Feeds:
Posts
Comments

IKEA has big growth plans. According to the Wall Street Journal, it aims to increase its revenue by €50 billion by 2020 — 74% higher than its 2014 revenue (IKEA Can’t Stop Obsessing About Its Packaging, Jun 17). Part of that growth is going to come from expanding into new markets, some may come from new formats, but a lot of it has to come from selling more stuff through existing stores. And that is going to require finding ways to cut prices to move more volume.

That’s where design comes in. IKEA is reviewing products in order to find ways to reduce their production and — importantly — their distribution costs. As this graphic demonstrates, this is pretty much a war on air.

BT-AC519A_IKEA_16U_20150616174511

Continue Reading »

How to get people on to planes is something we have covered many times on this blog. However, it is always interesting when some airline tries something new. That gets us to Delta’s Early Valet (Airlines try to save time with speedier boarding process, Associated Press, Jun 1).

Delta’s Early Valet service will offer to have airline employees take carry-on bags at the gate and put them in the bins above assigned seats. The airline wants to see if its own workers can load the bins faster than passengers.

The service began Monday on about two dozen flights, and that number is expected to rise steadily during June, Delta spokeswoman Morgan Durrant said.

Early Valet will be offered through August on some departures from Delta’s busiest airports — Atlanta, New York, Los Angeles, Detroit, Minneapolis, Salt Lake City and Seattle.

It will be available only on flights that typically have a high number of vacationers. Presumably, business travelers know how to board a plane efficiently. Specially tagged bags will be stowed on the plane before boarding begins, Durrant said.

Continue Reading »

How is this for a bold assertion: All your clothes are made with exploited labor.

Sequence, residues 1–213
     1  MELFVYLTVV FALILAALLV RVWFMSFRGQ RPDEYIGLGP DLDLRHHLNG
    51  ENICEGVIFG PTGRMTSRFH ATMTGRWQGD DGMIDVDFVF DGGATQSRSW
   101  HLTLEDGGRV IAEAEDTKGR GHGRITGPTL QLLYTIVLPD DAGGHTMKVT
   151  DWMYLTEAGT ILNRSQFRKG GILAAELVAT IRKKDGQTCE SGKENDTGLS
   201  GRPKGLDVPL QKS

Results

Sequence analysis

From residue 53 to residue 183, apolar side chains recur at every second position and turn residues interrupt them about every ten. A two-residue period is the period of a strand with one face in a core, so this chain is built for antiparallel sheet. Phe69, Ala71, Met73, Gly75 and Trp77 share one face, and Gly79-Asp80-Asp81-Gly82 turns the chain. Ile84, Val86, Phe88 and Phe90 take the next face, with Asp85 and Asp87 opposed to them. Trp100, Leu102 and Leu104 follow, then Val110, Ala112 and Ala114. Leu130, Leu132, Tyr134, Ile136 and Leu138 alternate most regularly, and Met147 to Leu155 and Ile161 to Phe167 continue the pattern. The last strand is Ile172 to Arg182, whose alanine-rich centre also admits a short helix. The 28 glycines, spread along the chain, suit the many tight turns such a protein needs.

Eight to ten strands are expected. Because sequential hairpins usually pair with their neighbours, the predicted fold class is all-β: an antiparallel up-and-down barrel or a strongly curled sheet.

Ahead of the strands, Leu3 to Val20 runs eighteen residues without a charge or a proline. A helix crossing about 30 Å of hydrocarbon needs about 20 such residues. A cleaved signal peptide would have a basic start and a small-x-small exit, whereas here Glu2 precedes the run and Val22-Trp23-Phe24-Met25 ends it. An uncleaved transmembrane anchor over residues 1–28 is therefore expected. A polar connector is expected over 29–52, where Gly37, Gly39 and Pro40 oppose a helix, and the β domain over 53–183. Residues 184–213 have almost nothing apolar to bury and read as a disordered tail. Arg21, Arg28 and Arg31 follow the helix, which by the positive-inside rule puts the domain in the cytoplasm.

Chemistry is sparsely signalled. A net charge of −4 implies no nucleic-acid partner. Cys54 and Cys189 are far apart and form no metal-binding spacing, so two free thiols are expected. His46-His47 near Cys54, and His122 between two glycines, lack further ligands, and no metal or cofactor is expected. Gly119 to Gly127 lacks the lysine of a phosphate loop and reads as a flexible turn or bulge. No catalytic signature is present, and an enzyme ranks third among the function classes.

That is the title of a recent Atlantic article which discusses what Patagonia learned when it audited the practices of its second-tier suppliers. These are not the firms sewing sweaters or assembling backpacks. Rather these are the mills producing fabric and factories producing components that go into those sweaters and backpacks. It turns out that a lot of those mills were engaged in some dubious practices.

About one-quarter of those mills are based in Taiwan, and the majority were found to have instances of trafficking and exploitation.

The problems stemmed from how those mills found the people to work their factory lines. They didn’t hire workers themselves and instead turned to so-called labor brokers. These labor brokers charged migrants exorbitant, often illegally high fees in exchange for jobs. There were other red flags, too. Suppliers would open bank accounts into which the workers deposited their paychecks, so that fees for labor brokers could be automatically deducted. Workers’ movements were also restricted through the confiscation of passports. The recruitment and hiring process used by many labor brokers can create a cycle of fear and debt that leaves workers neither able to leave their jobs nor to make a decent living.

The article goes on to explain that sourcing labor through brokers is both legal and common in Taiwan. It is arguably necessary for the mills to be cost-competitive. Still it is an embarrassment for a brand such as Patagonia which has staked quite a bit on being a better global citizen than the typical clothing brand. (Check out the social responsibility page on their website.)  Continue Reading »

EM-BE840_BARREL_16U_20150512051208Bourbon, as you may know, is having a moment. As the graphic above shows, production and sales have soared in recent years. But the Wall Street Journal reports that supply chain problems may keep the industry from growing further (Bourbon Feels the Burn of a Barrel Shortage, May 11). The specific issue relates to barrels. Federal law requires that bourbon be aged for two years in new oak barrels (Why is there a federal law about bourbon? See here.) and it is getting hard to get enough bourbon barrels.

The shortage reflects a supply-chain conundrum. Upstream, barrel makers face a wave of demand because a half dozen established bourbon distilleries and 300 new, craft distilleries are increasing production amid a bourbon boom. Downstream, they face a shortage of white oak wood used in barrels because the lumber industry hasn’t rebounded from the housing market’s collapse. …

All the growth might have been intoxicating except for a sobering fact: The demand for more barrels coincided with a massive contraction in the lumber industry. As the housing market crashed in 2007, sawmills shut down and loggers abandoned the market. Lumber production shriveled to about 5.9 billion board feet in 2009 from 11.7 billion board feet in 2005, according to the Hardwood Market Report, which tracks the forestry industry.

Continue Reading »

w3w_about_mapgrid